If you’re like me, it could take one or two days to get through everything, so make sure to carve out enough time and stay focused. I promise you it’s worth it.

Utilize all of your space, including furniture.

Make the bed, then pull all of your stuff out and organize it into categories. Maybe you stack your t-shirts near your pillow, then dresses (if you wear those) near the foot of the bed, etcetera. This way, you can see what’s ahead of you and tackle the “Keep or Not Keep” debate in chunks.

If you aren’t sure whether to keep something, don’t.

I don’t mean this in the “I can’t remember the last time I went out in this” way because that’s partly #quarantinevibes. I mean, if you aren’t sure whether you feel good wearing something, then you probably aren’t going to wear it in the future. Save that space for something you need (like a go-to job interview outfit) or something you love and will use.

Organize the clothes you keep into outfits.

No muss, no fuss, no last-minute realizations that you had the perfect tie to wear to work, but it clashes with your shoes, and you’re running late. While you’ve got organization on the brain, save Future You the hassle and coordinate outfits now. I had the idea to label my hangers with little cards that say things like, “Work outfit. Summer. Pair with a white skirt.” Alternatively, just hang the elements of your outfits next to each other.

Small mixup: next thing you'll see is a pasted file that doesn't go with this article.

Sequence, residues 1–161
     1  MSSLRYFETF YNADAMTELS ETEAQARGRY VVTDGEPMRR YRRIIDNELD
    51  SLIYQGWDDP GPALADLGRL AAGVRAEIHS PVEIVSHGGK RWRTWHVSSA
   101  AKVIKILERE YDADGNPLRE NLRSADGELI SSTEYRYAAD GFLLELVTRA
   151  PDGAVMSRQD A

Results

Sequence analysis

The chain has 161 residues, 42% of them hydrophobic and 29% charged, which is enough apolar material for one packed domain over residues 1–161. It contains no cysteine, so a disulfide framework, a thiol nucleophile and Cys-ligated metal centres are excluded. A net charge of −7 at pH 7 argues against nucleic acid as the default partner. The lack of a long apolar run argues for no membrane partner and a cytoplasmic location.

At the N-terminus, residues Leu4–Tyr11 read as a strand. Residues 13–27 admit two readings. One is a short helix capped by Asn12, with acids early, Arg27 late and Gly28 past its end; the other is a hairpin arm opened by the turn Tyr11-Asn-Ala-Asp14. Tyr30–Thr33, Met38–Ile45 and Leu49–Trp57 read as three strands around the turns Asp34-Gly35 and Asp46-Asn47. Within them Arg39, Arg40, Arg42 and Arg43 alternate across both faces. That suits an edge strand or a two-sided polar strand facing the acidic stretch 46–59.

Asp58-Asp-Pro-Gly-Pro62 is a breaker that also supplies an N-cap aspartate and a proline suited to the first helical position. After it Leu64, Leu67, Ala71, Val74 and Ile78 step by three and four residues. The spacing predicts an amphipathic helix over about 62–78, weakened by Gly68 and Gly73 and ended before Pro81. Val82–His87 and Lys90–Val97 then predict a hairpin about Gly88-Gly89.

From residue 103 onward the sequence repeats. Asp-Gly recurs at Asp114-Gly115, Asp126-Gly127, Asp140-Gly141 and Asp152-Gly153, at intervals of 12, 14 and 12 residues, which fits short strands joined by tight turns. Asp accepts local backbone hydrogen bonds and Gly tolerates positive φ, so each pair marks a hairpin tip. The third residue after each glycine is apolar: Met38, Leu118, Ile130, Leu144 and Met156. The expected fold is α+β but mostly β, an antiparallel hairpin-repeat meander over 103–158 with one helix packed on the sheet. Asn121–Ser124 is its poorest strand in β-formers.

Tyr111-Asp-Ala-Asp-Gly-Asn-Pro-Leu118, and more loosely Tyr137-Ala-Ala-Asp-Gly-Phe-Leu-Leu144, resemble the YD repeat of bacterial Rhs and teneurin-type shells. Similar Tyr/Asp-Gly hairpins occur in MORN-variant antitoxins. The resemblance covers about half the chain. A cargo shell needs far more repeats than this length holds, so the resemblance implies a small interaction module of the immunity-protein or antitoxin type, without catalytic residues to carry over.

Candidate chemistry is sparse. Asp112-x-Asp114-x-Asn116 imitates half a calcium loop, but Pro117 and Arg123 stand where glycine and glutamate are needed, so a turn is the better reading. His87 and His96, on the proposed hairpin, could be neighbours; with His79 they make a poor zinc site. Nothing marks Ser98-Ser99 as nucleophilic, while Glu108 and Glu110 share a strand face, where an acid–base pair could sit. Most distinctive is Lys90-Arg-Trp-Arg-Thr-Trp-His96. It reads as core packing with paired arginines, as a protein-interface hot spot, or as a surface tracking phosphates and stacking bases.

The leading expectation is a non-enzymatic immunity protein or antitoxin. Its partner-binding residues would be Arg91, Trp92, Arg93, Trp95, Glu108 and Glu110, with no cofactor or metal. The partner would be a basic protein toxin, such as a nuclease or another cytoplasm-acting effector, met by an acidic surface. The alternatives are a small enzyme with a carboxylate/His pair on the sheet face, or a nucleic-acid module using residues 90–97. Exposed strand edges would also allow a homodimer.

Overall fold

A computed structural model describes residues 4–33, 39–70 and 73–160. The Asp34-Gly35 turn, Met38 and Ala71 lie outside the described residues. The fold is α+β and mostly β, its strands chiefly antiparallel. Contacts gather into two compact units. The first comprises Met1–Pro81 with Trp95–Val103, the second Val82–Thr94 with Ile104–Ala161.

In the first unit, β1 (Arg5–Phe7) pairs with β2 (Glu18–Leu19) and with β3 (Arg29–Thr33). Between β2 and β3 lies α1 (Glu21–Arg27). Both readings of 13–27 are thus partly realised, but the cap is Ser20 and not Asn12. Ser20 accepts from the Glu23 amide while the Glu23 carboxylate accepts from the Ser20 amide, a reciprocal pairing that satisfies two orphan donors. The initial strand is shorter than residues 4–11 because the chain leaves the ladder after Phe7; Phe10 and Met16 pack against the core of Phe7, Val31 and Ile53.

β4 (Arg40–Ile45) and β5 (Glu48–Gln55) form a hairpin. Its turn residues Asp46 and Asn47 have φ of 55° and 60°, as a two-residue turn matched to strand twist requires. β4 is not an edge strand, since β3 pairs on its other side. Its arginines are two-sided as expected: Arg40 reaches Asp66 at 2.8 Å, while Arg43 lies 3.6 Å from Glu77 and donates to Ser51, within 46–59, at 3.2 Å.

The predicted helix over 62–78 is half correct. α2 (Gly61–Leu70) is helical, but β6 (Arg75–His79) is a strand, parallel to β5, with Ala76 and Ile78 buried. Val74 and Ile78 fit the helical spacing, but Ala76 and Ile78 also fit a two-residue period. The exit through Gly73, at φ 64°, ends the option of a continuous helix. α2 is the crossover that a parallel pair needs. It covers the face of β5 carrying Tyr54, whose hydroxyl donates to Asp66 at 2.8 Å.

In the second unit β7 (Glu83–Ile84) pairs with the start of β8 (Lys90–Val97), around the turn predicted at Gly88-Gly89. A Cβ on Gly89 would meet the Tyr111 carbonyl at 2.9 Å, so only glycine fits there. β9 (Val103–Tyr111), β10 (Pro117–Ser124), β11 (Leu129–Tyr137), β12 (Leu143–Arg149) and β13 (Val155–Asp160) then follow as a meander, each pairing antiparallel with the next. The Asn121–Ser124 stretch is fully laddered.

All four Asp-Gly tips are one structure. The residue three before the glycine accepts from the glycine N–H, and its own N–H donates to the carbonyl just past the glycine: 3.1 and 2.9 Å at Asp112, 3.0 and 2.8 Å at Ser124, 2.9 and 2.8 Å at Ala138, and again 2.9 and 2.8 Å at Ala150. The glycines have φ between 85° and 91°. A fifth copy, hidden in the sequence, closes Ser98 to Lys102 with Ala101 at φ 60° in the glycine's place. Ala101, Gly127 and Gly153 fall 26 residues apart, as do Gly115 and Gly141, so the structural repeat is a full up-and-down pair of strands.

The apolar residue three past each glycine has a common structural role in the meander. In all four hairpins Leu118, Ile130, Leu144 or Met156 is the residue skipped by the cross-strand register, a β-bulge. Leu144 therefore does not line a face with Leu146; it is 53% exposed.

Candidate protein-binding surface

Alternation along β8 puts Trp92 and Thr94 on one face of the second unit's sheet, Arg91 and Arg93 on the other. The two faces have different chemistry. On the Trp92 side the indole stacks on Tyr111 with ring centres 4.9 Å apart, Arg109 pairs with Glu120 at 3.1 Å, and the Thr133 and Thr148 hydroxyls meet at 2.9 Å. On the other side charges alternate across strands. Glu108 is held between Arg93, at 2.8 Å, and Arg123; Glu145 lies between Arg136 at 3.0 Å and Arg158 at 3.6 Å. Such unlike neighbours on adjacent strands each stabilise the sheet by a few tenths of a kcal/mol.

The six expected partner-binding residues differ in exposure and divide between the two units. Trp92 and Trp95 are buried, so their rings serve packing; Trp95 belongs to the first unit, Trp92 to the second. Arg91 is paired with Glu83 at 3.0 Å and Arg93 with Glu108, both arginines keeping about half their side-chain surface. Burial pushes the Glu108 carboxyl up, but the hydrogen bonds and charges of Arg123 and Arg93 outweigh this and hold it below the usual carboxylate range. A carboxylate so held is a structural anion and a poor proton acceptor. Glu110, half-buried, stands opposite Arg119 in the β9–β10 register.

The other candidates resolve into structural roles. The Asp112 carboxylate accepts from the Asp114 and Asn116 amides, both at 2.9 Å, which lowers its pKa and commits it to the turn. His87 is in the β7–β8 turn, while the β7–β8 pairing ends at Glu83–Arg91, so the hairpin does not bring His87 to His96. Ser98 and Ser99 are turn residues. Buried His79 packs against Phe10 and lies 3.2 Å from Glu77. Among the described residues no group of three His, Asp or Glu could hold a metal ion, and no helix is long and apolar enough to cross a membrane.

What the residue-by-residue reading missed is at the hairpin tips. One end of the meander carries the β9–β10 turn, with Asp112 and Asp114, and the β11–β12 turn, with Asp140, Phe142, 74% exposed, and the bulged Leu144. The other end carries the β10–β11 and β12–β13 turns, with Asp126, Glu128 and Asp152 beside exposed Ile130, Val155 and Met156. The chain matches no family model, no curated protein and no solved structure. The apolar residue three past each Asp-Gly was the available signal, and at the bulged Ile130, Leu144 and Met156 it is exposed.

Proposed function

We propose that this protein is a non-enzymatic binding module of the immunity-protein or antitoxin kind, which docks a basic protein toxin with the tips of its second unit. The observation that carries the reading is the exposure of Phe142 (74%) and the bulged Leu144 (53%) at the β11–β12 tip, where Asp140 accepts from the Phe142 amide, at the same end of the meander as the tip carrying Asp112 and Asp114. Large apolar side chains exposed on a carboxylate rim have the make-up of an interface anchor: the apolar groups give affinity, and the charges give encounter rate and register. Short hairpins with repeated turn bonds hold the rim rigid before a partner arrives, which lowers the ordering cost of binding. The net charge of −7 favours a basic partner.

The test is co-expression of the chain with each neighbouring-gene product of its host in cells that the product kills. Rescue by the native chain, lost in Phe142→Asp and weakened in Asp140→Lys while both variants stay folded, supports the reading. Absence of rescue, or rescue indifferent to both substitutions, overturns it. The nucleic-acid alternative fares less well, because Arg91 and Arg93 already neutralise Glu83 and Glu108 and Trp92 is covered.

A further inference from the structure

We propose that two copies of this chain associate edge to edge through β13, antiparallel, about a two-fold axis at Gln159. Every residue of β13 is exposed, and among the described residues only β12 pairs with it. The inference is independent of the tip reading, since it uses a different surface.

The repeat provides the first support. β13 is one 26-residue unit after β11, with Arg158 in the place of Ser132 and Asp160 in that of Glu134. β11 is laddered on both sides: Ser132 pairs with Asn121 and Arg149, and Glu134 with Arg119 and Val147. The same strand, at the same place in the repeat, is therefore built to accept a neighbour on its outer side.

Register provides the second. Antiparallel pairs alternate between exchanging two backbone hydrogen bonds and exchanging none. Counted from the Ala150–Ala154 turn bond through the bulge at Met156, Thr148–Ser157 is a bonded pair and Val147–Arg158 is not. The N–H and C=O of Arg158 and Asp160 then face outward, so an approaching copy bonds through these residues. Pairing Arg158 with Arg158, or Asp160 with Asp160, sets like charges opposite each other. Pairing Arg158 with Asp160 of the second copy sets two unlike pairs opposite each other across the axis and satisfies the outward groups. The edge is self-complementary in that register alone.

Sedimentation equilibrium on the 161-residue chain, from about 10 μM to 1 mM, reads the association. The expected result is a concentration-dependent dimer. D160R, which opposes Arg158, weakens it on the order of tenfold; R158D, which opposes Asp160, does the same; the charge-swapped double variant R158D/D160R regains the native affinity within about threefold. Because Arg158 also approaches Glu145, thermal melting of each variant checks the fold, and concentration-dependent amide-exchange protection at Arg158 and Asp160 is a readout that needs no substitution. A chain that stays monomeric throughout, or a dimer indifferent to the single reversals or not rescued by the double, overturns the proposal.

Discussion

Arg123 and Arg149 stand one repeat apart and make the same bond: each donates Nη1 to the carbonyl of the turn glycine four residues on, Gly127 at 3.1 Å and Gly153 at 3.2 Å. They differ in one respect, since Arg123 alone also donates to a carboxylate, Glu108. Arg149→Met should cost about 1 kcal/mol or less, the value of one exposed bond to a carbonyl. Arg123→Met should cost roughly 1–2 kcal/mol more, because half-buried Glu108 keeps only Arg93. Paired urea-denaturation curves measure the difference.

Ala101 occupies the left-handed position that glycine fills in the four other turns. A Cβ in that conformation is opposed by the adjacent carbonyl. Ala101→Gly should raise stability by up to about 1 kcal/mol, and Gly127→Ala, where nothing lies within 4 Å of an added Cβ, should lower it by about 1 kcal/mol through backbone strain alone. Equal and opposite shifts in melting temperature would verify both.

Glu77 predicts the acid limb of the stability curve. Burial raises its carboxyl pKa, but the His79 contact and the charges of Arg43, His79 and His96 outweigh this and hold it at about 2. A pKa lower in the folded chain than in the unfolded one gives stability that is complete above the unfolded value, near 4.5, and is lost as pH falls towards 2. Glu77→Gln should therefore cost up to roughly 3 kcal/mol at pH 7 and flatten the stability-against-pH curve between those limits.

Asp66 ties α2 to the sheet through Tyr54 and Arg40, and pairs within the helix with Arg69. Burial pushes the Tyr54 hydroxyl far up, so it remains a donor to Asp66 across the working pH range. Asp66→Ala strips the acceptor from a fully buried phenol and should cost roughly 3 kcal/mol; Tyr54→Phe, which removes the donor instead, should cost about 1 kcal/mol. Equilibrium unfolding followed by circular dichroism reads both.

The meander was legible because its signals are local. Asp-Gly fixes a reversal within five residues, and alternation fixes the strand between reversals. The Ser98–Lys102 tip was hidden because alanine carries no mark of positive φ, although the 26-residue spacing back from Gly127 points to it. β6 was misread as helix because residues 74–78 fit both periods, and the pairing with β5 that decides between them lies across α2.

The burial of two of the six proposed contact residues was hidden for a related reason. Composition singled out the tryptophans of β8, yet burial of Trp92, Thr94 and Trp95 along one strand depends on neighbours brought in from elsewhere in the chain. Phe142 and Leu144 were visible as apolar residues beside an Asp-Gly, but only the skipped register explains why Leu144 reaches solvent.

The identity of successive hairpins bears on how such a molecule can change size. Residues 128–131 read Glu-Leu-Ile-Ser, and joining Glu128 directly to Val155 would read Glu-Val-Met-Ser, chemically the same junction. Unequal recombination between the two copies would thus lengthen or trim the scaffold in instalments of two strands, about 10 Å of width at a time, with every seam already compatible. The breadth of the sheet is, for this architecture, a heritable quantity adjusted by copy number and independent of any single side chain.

Donate or sell your clothes afterward.

If you’re looking to donate what you give up, check out Charity Navigator and find an organization you feel you can trust. If you’re short on money, try selling your things on sites like eBay or thredUP. You can also find secondhand stores that give cash for clothes, but these places only buy what they can sell, so check their websites to see what they want.

All the stuff I decided to donate, including 2 boxes of assorted objects and 3 garbage bags worth of clothes. On top of the bags sits a play conveniently titled You Can't Take it With You.
Image: all the stuff I decided to donate, including 2 boxes of assorted objects and 3 garbage bags worth of clothes. On top of the bags sits a play conveniently titled You Can’t Take it With You.